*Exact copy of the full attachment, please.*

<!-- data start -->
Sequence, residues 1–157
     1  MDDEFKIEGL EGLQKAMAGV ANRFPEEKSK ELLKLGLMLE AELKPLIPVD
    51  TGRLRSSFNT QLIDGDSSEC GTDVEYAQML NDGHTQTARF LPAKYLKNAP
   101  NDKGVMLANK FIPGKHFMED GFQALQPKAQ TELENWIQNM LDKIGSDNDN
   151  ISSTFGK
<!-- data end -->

Sequence, residues 1–157
     1  MDDEFKIEGL EGLQKAMAGV ANRFPEEKSK ELLKLGLMLE AELKPLIPVD
    51  TGRLRSSFNT QLIDGDSSEC GTDVEYAQML NDGHTQTARF LPAKYLKNAP
   101  NDKGVMLANK FIPGKHFMED GFQALQPKAQ TELENWIQNM LDKIGSDNDN
   151  ISSTFGK